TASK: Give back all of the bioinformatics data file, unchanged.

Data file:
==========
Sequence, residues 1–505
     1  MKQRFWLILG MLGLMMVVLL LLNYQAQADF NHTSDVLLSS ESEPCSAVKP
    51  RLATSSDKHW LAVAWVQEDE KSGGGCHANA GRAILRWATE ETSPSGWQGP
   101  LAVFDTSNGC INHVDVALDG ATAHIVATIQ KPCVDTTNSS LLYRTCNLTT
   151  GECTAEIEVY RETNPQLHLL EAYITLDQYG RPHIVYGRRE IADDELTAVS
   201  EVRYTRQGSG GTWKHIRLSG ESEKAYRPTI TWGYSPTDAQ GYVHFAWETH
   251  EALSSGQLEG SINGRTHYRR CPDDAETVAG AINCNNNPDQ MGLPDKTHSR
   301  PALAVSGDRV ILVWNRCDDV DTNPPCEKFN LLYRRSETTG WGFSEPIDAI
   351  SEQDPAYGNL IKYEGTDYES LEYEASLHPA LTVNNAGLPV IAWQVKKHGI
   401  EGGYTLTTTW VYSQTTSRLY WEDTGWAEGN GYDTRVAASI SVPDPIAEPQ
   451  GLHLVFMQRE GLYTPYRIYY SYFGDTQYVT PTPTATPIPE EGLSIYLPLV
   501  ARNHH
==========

Sequence, residues 1–505
     1  MKQRFWLILG MLGLMMVVLL LLNYQAQADF NHTSDVLLSS ESEPCSAVKP
    51  RLATSSDKHW LAVAWVQEDE KSGGGCHANA GRAILRWATE ETSPSGWQGP
   101  LAVFDTSNGC INHVDVALDG ATAHIVATIQ KPCVDTTNSS LLYRTCNLTT
   151  GECTAEIEVY RETNPQLHLL EAYITLDQYG RPHIVYGRRE IADDELTAVS
   201  EVRYTRQGSG GTWKHIRLSG ESEKAYRPTI TWGYSPTDAQ GYVHFAWETH
   251  EALSSGQLEG SINGRTHYRR CPDDAETVAG AINCNNNPDQ MGLPDKTHSR
   301  PALAVSGDRV ILVWNRCDDV DTNPPCEKFN LLYRRSETTG WGFSEPIDAI
   351  SEQDPAYGNL IKYEGTDYES LEYEASLHPA LTVNNAGLPV IAWQVKKHGI
   401  EGGYTLTTTW VYSQTTSRLY WEDTGWAEGN GYDTRVAASI SVPDPIAEPQ
   451  GLHLVFMQRE GLYTPYRIYY SYFGDTQYVT PTPTATPIPE EGLSIYLPLV
   501  ARNHH